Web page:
What happens is this: For years, you and your friends have been wearing narrow-cut pants. They look good, and they emphasize the slimness of your legs. The only problem? The cuffs keep getting caught in your penny loafers. As the years pass and the size of your shoes becomes larger, this problem gets worse. One day, you wake up with an idea: “I know how to fix this. I’ll make the bottom of the pants longer and wider. That way, there will be no chance that they will get caught in my shoes.”

What you’ve done is transubstantiate trousers. You’ve taken an ordinary pair of chinos and turned them into something new and wonderful: bell-bottoms! Here are some more examples of transubstantiation in the marketplace:

  • A plain eraser becomes white-out.
  • A simple typewriter becomes a word processor.
  • A boring sandwich becomes a wrap.
  • A commonplace pair of sunglasses becomes a pair of photo-sensitive eyeglasses.

The secret to transubstantiation is this: It begins with an idea that seems like an impossibility and is advertised by a claim that sounds like a lie.

Let’s say your job is to sell bread. You’ve tried every sales, marketing, and merchandizing trick in the book to boost sales, but nothing has worked. The problem, you realize, is that you are selling bread. If only it could be something else . . . something more important, more exciting, more amazing.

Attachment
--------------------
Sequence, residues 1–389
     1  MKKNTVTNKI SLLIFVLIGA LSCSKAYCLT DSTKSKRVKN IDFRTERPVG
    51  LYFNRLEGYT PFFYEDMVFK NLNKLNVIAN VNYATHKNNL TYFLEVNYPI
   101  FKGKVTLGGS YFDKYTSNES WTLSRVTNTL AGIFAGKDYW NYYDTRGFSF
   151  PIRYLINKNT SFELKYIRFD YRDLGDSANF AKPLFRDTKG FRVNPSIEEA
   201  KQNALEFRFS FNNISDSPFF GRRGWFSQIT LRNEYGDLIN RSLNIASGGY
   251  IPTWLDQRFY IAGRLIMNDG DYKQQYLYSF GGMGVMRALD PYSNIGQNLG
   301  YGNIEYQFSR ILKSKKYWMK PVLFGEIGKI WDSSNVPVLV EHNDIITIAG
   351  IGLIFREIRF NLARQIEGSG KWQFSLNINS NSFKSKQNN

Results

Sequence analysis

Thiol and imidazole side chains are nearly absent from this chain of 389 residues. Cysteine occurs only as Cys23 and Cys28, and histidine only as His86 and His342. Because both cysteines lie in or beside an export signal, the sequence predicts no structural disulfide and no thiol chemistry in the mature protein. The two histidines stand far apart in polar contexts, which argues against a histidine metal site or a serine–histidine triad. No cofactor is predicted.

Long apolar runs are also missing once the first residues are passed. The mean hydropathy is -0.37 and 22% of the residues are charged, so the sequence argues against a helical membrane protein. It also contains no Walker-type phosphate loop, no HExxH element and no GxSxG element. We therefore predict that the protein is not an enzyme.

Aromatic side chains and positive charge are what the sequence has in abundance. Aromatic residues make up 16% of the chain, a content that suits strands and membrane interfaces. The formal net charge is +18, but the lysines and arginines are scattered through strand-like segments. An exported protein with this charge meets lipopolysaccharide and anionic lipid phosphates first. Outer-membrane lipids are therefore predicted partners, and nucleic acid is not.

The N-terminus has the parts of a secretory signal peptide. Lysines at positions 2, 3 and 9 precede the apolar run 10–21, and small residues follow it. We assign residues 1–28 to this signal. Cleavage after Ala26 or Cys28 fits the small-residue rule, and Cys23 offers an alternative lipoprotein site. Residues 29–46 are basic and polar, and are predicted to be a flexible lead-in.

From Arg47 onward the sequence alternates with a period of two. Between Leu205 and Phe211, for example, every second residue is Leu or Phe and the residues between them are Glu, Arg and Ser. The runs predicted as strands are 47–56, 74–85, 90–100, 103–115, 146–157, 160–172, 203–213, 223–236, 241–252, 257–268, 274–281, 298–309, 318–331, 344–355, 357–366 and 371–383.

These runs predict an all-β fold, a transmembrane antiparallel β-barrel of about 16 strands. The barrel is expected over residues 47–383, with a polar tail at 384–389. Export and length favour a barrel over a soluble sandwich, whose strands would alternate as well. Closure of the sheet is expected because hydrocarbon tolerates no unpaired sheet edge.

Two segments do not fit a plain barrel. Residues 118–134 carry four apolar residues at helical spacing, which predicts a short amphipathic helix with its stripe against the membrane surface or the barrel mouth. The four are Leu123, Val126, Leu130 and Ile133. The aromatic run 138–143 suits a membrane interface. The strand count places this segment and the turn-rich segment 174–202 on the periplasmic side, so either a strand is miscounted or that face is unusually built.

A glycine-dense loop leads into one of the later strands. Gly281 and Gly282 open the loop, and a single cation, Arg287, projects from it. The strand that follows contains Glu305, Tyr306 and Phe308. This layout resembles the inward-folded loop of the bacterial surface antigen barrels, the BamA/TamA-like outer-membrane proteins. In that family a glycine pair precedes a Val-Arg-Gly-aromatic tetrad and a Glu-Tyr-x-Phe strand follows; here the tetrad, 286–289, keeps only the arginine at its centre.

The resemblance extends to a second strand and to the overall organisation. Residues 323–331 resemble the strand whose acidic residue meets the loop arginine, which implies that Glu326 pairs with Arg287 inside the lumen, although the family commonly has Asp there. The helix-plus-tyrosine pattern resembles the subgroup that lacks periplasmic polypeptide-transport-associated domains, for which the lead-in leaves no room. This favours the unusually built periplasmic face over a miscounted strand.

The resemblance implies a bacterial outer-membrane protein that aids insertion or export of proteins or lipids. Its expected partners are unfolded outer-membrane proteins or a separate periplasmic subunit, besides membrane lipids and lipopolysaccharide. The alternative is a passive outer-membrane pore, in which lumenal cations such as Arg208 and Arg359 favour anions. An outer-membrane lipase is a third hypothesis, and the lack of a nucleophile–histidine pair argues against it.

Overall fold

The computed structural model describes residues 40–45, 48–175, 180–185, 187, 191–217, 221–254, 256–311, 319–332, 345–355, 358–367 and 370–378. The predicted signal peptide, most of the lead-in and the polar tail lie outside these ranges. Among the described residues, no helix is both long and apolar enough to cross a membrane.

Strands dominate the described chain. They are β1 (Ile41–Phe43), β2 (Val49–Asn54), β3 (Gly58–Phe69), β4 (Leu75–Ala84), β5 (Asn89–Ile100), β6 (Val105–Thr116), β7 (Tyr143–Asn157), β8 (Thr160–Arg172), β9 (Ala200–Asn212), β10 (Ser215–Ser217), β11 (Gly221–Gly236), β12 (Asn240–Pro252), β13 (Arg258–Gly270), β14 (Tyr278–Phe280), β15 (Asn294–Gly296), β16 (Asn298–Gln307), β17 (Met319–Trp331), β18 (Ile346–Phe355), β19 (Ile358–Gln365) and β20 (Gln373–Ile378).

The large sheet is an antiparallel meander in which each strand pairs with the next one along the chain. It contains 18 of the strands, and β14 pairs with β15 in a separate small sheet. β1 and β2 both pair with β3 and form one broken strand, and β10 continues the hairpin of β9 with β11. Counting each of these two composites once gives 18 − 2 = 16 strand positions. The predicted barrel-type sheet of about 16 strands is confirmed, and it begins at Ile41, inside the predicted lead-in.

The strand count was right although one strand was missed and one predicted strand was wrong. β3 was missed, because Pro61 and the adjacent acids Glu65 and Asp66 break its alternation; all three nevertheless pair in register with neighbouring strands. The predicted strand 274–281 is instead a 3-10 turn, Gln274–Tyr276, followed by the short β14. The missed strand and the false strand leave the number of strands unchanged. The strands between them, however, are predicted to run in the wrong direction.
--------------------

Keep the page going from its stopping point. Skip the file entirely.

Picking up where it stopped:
You decide you will develop a bread that is more than bread. It will be something else. What will it be? You think about the possibilities and then decide: “My bread will do more than merely feed people. It will transform them into beautiful, muscular athletes.”

You’ve got the impossible idea. Now you need to make the questionable claim. You spend some time brainstorming with your people and come up with it: It will be called Wonder Bread — and it will build healthy, beautiful, muscular bodies in 12 ways. That sounds great, everybody agrees. But the bread you have doesn’t actually do that. It’s ordinary white bread. And that’s not good enough. OK. No problem. We’ll improve the bread.

You tell your product people to reinvent the product to make it capable of building the body in 12 different ways — and you tell them to make sure it looks, smells, and tastes like it does too.

Four months later, everything is ready. You are no longer selling ordinary bread. You are selling renewal, renovation, and personal transformation. And guess what? It works. Sales skyrocket, and your customers love the product.